If you want, you can create your own definition that has say the root form in parentheses and give the definition behind it. Or perhaps including the subject… “(nadar) - we are swimming” for nadamos. (Probably someone has already done this even).

So you have different ways you can reflect things if you so choose, but fundamentally don’t fight the “LingQ way” of counting words imo. I agree with David, it is better and if you try to fight it you’ll be wasting all kinds of time unnecessarily.

This may be your concern…I think when I first joined LingQ I really felt this need to compare LingQ’s way of counting words to the “normal” way that just counts the base form. I think mostly because I maybe wanted to have an idea of what stage I’m at, or how many words I need to know. After a while I just said screw it. It doesn’t matter. There are a number of goals you can use…LingQ essentially has them somewhat built in with their levels - x # of words = Beginner or Advanced or whatever, although one can argue if they are “correct” for a given level or not. All these things are though are guides and/or goals that aren’t completely accurate anyway regardless of what form of word counting you’re doing. By accurate, I mean they don’t tell you much necessarily other than that’s how many words you know. i.e. two people may be at 10,000 words, but they know some words I don’t know and I know some words they don’t know (and it could be a significant number depending on the content they’ve read or listened to).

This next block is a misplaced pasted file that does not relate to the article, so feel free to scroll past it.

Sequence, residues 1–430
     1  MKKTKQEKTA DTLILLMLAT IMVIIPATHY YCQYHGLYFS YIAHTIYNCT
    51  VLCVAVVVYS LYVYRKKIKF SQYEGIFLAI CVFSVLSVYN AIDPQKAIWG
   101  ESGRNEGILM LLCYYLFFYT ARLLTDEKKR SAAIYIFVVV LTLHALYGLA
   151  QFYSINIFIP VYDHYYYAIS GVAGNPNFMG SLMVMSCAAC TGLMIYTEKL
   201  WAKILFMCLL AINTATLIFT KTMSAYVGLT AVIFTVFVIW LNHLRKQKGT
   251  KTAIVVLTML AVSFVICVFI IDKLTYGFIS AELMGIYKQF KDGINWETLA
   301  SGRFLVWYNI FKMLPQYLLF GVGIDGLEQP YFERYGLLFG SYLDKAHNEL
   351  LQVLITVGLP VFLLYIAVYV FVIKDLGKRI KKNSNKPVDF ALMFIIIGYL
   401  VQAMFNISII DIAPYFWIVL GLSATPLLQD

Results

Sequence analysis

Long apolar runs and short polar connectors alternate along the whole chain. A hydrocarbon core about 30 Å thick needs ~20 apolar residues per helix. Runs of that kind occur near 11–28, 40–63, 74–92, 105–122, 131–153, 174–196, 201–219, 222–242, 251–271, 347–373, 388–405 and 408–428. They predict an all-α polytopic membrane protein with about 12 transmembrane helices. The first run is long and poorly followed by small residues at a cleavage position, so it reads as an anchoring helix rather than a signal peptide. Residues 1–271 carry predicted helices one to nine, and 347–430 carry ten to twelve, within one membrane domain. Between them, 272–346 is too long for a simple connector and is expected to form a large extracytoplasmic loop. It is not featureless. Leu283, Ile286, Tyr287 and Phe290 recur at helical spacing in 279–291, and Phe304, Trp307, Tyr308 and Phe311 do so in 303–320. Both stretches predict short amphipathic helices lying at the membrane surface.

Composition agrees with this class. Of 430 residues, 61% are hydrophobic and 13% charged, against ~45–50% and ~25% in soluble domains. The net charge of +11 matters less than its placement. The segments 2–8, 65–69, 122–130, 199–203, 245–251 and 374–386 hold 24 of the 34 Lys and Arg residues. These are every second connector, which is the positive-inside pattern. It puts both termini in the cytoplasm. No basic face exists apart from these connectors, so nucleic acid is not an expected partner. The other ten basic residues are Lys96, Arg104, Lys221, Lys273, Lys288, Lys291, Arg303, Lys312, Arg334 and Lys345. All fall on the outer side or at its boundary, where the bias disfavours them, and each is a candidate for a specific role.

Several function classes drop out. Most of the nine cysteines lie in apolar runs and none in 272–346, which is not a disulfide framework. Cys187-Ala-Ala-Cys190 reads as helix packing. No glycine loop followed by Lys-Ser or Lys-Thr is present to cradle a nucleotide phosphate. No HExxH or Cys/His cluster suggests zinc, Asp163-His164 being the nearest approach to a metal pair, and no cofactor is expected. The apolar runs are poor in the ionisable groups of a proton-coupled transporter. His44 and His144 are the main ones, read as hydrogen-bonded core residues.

Thank you guys for your ideas. That makes sense. I should have chosen a simpler example to illustrate the idea maybe. Suppose I was learning English and I know that plurals are formed by adding an “-s” suffix usually. So if I encounter a new word “beers” (plural of beer), I create a LingQ for it. Then later I encounter the singular form and if I kind of remember the meaning from the previously LingQed “beers”, I can just mark “beer” as known. The only minor drawback maybe is that the review system will quiz me on “beers” instead of the simpler root form. So optionally when I encounter “beer”, I can create a new LingQ for it and “retire” “beers” to known. This last step is maybe overkill, would not matter in the grand scheme of things.


You can set some of these to “ignore” if you want. I assume then it won’t show up in the vocabulary for review. I don’t use the LingQ review or SRS so it’s not a concern to me, but understandably it would cause these “duplicates” like you say. Since I don’t use SRS, most of the time I’ll just mark the plural version of the world to known (or 1, 2, 3, 4…) and not worry that it’s “inflating” the numbers.


It’s not a big deal. I’ve just checked on my German, I have 34500 known words + 42500 LingQ created. And I’m probably half way through. Don’t overthink it too much, at the end you have a lot of work do to. Do only what matters.

In that example, I encounter “beers” and I create a LingQ. Then I encounter “beer”, what do I do?

I’ve just seen “beers”, so I don’t trust that I remember the word correctly in the long run so I create another LingQ (now it’s quicker because I’m almost sure about the meaning and I know what to write or select from the choices if available).

After a few days I encounter “beer”, what do I do?
Do I recognize it? No? I create a LingQ. Yes? Well, I mark it known and I don’t care about “beers”, it will appear one day.

This doesn’t have to be rigid, sometimes you act in different ways depending on the feeling you have. Trust your feelings. Imho.